The European Research Group – that’s the realist end of the Conservative Party – has just released its paper on how to deal with the Irish border question post-Brexit. The solution is as we’ve been saying for some time now, do nothing and lie about it. Not that that’s quite how they put it but it is what is meant.
Guido has the full paper:
The checks that are required post-Brexit to retain the integrity of the EU Single Market and Customs Union include customs declarations, declarations of origin, sanitary and phytosanitary checks and checks on product compliance. Cross-border trade on the island of Ireland is mostly comprised of regular shipments of the same goods. This repetitive trade is well suited to established technical solutions and simplified customs procedures already available in the Union Customs Code. Larger companies may take advantage of trusted trader-type schemes.
This status provides assurance of a high degree of compliance and hence entitles the bearer to simplified procedures For all companies, the requirements for additional declarations can be incorporated into the existing system used for VAT returns. Licensed customs brokers can be engaged to support businesses in dealing with rules of origin and customs arrangements. For agricultural products, the Government should agree equivalence of UK and EU regulations and conformity assessment. Since UK and EU standards are identical and will remain identical at the point of departure, determining equivalence after Brexit should be straightforward.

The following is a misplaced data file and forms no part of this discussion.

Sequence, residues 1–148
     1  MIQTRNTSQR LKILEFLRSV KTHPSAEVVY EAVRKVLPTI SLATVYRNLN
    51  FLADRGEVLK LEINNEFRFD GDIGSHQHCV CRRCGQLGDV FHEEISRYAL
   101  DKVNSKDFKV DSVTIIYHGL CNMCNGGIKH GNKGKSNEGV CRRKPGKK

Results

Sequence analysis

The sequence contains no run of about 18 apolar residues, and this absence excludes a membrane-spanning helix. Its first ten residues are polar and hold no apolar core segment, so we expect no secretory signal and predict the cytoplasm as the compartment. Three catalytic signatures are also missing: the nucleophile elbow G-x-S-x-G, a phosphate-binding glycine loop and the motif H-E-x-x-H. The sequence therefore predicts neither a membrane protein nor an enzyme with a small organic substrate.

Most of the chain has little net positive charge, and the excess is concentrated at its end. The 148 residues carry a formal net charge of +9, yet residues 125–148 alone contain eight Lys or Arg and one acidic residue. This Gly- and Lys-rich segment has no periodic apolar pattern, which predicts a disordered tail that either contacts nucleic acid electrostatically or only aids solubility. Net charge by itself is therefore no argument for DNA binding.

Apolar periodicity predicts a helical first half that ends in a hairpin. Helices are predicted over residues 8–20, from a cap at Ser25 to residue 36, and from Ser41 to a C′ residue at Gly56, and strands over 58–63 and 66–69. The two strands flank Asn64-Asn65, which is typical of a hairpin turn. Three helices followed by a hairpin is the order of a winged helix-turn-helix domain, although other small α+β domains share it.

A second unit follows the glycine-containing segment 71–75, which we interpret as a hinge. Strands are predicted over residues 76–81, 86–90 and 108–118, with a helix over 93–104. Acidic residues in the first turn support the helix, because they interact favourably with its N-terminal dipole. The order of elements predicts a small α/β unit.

The current smooth movement of agricultural products across the Irish border, without the need for border inspection posts, can be continued by maintaining the island of Ireland as a Common Biosecurity Zone. The proposals set out below can be realised within the existing legal and operational frameworks of the EU and the UK, based on the mutual trust on which regular trade depends. Any risk of fraud or smuggling can be addressed by effective co-operation by authorities on both sides of the border, as already occurs with smuggling of drugs, cigarettes, fuel and alcohol. Such measures can ensure that the trade across the Irish border is maintained.
Effectively, change the headings on the paperwork, do a bit more random checking and then leave well alone.
The European Union has been demanding that there be no hard border as some sort of trump card. While they also demand a strong border against, well, something. The answer to this has always been as we’ve said ourselves:
M. Barnier and others insist that if the regulatory regime is to change at this line on the map then we must have a border, with customs posts, checks and limitations. If we are not to have what we cannot, an impermeable physical barrier to unfettered movement, then the regulatory and customs regime cannot change at Gortnacarrow and again at Clonacore. Effectively, our choice is Brexit or the Bogay Wall, towers, barbed wire and all.
Our answer should be “Yes.” We agree that we are leaving, that we have put in place that hard border. Then we do absolutely nothing above what we already do. People come and go as they wish, carrying what goods they can, and we do nothing. Except, as we already do, we keep an eye on those moving things on an industrial scale and have our little customs and tax chats with them away from that line on the map.
What other people wish to do on their side of that line is entirely up to them. We will do, as we’ve always done when in our right minds, what is useful and beneficial to us. It’s somewhat unfashionable these days to talk of the empire but it’s still true that we had it. Often because we’re rather good at this lying, cheating and dissembling. We should carry on. So, there’s the border, as it is today. And?
Since when have we English been truthful about Ireland or to Frenchmen anyway?